Apokalypsis


Nick Scammell

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Nick Scammell, Devourings (after Dürer), 2014

Arguably the finest achievement of Albrecht Dürer’s early years was The Apocalypse with Pictures, a set of fifteen woodcuts of scenes from the Book of Revelation, published in 1498. Apokalypsis (being the first word of the Book of Revelation, Koine Greek for ‘revelation’ or ‘unveiling’) takes Dürer’s print St. John Devouring the Book as an allegory of inspiration, mediation and originality. In his own hand the revelator transcribes the sacred words he is consuming, despite the certainty of infidelity. Perfection seems as distant, while the text itself warns against its corruption.

Apokalypsis intervenes, involving the physical movement of a printed image during scanning. Blending hand and machine, these actions variously fracture or extend the image, inviting slips and flaws revelatory of technological frailties, as well as the ambiguities inherent within analogue and digital processes of artistic creation.

These occupied images are rendered fields of possibility, with destruction and creation entangled. Arresting not instants but unfoldings, they create conditions for an interior immensity to emerge, conditions enabled by performing against protocol.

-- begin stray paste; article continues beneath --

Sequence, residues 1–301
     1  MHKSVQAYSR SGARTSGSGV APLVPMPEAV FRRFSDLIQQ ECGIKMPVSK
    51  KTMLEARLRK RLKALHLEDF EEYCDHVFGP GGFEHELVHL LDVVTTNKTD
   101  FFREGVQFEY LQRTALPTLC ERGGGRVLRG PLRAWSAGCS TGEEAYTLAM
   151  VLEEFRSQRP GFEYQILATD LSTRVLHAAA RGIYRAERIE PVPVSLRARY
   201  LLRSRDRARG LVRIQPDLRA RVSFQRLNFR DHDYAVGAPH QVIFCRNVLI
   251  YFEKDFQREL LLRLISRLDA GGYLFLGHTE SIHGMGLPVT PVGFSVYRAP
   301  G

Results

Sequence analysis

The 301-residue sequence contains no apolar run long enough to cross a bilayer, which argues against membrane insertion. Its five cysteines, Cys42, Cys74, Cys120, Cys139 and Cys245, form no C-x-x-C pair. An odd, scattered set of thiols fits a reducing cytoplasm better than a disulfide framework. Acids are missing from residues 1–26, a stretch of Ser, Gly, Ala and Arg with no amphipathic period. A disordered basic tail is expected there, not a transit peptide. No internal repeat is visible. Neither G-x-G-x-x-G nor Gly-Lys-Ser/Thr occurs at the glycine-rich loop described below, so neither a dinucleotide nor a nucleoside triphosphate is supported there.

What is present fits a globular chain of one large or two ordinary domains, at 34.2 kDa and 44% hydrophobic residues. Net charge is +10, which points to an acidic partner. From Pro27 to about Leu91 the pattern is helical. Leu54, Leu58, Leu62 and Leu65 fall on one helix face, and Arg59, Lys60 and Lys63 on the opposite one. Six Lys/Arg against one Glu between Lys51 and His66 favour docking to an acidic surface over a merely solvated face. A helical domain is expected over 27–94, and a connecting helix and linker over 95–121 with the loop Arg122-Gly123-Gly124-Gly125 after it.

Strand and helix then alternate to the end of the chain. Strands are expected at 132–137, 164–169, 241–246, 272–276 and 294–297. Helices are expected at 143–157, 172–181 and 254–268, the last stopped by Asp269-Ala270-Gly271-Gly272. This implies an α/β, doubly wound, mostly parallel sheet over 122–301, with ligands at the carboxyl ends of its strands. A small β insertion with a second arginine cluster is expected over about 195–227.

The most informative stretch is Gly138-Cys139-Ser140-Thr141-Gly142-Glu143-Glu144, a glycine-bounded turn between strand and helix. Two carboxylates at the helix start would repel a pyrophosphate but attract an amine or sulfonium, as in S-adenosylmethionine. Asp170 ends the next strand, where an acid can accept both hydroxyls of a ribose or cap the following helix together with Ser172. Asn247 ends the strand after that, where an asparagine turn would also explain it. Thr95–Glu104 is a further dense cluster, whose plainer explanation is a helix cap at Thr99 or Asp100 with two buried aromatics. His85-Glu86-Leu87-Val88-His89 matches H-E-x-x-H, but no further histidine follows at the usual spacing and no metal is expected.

Here, touch is taken as a connection between the making of the digital scan and the analogue methods that created the print here appropriated. Thus, the finger bridges worlds: it drags the tangible image into the digital immaterial. Dürer’s hand draws the line of the hand of the saint – that of Apokalypsis extends it.

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Nick Scammell, Devourings (after Dürer), 2014

Nick Scammell’s practice cuts across photography and literature and frequently involves collaboration. Having curated and exhibited with the Goldsmiths-affiliated collective Crossing Lines, Nick recently completed an MA Photography at the London College of Communication. His ongoing collaborations include NYZ, recently profiled in the Photoworks Annual, and That Burning Field, a response to the writing of the American poet laureate, Charles Wright. Nick is also a founder member of the curatorial project After. He lives and works in London.

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